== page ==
If you intend to leave the aircraft overnight at a strip, it may be necessary for you to arrange your own tie- downs and wheel chocks. Ensure that control locks are in place and the aircraft is properly secured. If the wind is likely to increase, then position your aircraft so as to minimise the possibility of it moving and be prepared to reposition it if the wind direction changes. Covers should be used to keep insects and water out of the pitot tube and static vents.

Next morning your pre- flight inspection should be more careful than usual just in case birds or other wildlife have taken up residence; birds can build a nest overnight. Check the pitot head, static and tank vents for insects.

If the strip is shared with cows, horses or sheep, then an electric or other suitable fence to separate them from your aeroplane is essential. Cows are very partial to the taste of aeroplane dope and their rough tongues have been known to strip fabric from wings. Metal aeroplanes do not escape their attentions, since they make suitable back-scratchers.

Discuss with the strip operator the security of the aeroplane. Vandalism and fuel thefts may be a problem.

flying considerations
Consider having a familiarisation flight to and from the strip with a pilot who knows the strip and is both current on your aeroplane and operations into grass strips.

In any case you must know and fly the correct speeds for your aeroplane and remember the importance of using appropriate techniques, keeping the weight off the nosewheel etc.

If the strip is shorter than you are used to or has difficult approaches, you should arrange for a flying instructor to appraise your flying skills and revise and improve short field, soft field, general circuit and airmanship skills. Listen and learn. If an instructor is not available, at least practice your short landings on a long runway before attempting to land at a short strip.

Airmanship and look- out must be of the highest order; there is unlikely to be any form of ATC service to advise you of the presence of other aircraft, their position or intentions, so be especially vigilant. Low flying military aircraft may NOT avoid strips.

Circuit practice at unlicensed aerodromes could be unpopular with the neighbours and may be in breach of part of Rule 5 of the Rules of the Air if you are within 500 ft of persons, vessels, vehicles or structures. However, if you find a problem with turbulence or crosswind, surface or slope, do not hesitate to go around in accordance with normal aviation practice.

Plan your circuit using the best available QNH, for example from a nearby aerodrome. Failing that you could use the most recent ‘regional pressure setting (RPS)’ but be aware your altimeter will certainly over-read if you use RPS. You should already know the elevation of the strip, so add this figure to the appropriate height that you would use in a normal circuit. Thus, if the strip is 250 ft amsl, downwind will be e.g. 1250 ft QNH.

Get into the habit of flying a compact circuit using engine and propeller handling techniques that will minimise noise disturbance. Avoid long flat and noisy approaches, these are not conducive to good neighbourliness nor necessarily the best short landing technique. If your approach is bad, make an early decision to go-around. It is often useful to plan to make a go-around from your first approach (avoiding persons, vessels vehicles and structures by 500 feet).

Note carefully the position and height of any obstructions on the approach especially hard- to- see local power and phone cables. Make sure that you can clear them (and any crop) by an adequate margin, and provided that you maintain this clearance, always aim to touch down close to the threshold – not halfway down the strip.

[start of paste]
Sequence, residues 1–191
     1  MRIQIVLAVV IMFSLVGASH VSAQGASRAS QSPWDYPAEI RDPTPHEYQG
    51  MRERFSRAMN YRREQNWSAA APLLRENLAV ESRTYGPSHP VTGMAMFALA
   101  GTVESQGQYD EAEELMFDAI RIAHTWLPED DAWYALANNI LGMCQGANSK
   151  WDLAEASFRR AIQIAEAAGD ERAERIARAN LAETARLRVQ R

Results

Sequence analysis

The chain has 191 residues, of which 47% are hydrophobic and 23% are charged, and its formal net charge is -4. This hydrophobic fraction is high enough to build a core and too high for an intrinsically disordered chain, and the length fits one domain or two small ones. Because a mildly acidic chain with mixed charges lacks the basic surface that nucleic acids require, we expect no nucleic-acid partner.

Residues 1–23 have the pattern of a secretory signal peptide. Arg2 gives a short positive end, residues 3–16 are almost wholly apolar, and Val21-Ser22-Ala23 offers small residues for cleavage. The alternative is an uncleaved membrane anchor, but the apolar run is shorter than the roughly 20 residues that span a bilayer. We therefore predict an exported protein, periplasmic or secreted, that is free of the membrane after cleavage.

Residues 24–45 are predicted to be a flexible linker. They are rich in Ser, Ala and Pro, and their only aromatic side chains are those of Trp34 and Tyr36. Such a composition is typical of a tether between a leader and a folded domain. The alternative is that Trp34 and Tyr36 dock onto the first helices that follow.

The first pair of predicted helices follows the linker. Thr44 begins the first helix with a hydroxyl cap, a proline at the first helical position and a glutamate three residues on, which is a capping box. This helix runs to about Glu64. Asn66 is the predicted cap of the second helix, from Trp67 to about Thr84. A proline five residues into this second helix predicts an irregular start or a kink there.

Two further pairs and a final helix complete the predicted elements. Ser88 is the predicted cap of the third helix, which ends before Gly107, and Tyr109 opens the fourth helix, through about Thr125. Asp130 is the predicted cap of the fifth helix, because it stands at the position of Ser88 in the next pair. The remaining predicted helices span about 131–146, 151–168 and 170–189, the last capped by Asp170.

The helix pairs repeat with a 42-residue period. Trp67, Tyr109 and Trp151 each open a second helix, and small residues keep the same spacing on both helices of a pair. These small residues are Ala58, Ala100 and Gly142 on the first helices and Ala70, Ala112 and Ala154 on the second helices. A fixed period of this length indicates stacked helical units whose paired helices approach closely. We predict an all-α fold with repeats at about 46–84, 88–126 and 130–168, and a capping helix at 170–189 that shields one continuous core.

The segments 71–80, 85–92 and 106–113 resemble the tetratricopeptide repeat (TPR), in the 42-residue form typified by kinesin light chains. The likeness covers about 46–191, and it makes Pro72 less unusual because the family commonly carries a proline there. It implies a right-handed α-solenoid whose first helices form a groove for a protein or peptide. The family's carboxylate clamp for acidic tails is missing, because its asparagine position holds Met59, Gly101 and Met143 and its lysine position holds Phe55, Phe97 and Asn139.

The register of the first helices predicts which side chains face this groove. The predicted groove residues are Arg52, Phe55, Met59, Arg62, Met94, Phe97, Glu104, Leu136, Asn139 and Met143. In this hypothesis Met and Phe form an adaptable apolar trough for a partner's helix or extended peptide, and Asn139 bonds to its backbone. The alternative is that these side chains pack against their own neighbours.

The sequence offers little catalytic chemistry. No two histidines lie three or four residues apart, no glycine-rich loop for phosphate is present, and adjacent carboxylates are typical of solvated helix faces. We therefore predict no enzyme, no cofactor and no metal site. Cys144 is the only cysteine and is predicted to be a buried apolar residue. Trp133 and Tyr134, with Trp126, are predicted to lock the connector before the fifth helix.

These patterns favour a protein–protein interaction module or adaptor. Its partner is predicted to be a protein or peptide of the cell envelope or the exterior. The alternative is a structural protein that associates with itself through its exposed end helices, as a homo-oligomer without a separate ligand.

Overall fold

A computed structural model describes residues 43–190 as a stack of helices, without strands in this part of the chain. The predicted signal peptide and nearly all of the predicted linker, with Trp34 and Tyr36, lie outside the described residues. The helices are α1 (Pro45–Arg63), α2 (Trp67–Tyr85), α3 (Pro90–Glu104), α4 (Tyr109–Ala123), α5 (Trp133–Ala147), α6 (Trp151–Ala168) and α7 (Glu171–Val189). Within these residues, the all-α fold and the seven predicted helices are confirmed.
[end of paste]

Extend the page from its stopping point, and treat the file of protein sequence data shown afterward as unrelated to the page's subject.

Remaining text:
Always start your take off run as close as possible to the beginning of the strip, unless there are very good reasons not to do so. Work out an acceleration check point from which you can stop if you haven’t reached sufficient speed to make a safe take-off.

Bear in mind when turning off the strip, Rule 17(7) of the Rules of the Air and other arriving aircraft.

When performing power checks or engine runs try to minimise any noise nuisance and ensure that the slipstream is not creating a problem. Unexpected noise etc can terrify livestock; be considerate when choosing the site for engine checks.

After take off, reduce power and propeller rpm when it is safe. Climb to at least 500 ft agl before turning.

If you are a regular strip user, decide your weather and wind limits and be clear about your Go/ No Go decision process.

DO obtain permission from the owner/operator prior to visiting the strip. Talk to pilots who have used the strip before and can advise you on procedures/obstructions.
DO check that the combination of you and your aeroplane can safely cope with this strip.
DO always leave details of ETA route, destination and how many are on board in the Movements Log.
DO always nominate a ‘responsible person’ who knows how to raise the alarm if you fail to arrive/return.
DO follow the requirements for customs, immigration and the Terrorism Act if flying to or from overseas.
DO talk to neighbouring aerodromes or to the Flight Information Service on the radio.
DO build up a working relationship with your nearest aerodrome. You may need them for fuel, weather information and maintenance.
DO be ready for unexpected effects from trees, barns, windshear, downdraught, etc.
DO work hard at being a good neighbour and improving the Public’s perception of General Aviation by minimising noise nuisance.
DO check that the strip really is long enough, with a 30% margin for safety.
DO check on the effect of power and other cables.
DO check whether any slope makes it a ‘one way’ strip.
DO NOT 'beat up' the strip or engage in other forms of reckless, illegal and unsociable flying.
DO NOT attempt to take off or land if the grass is long, the ground is muddy or weather is marginal. There will always be a better day to fly or you can always divert into a neighbouring aerodrome.
DO NOT run- up an engine where the noise affects others or slipstream can be a nuisance.
DO NOT attempt to 'scrape' in from a bad approach.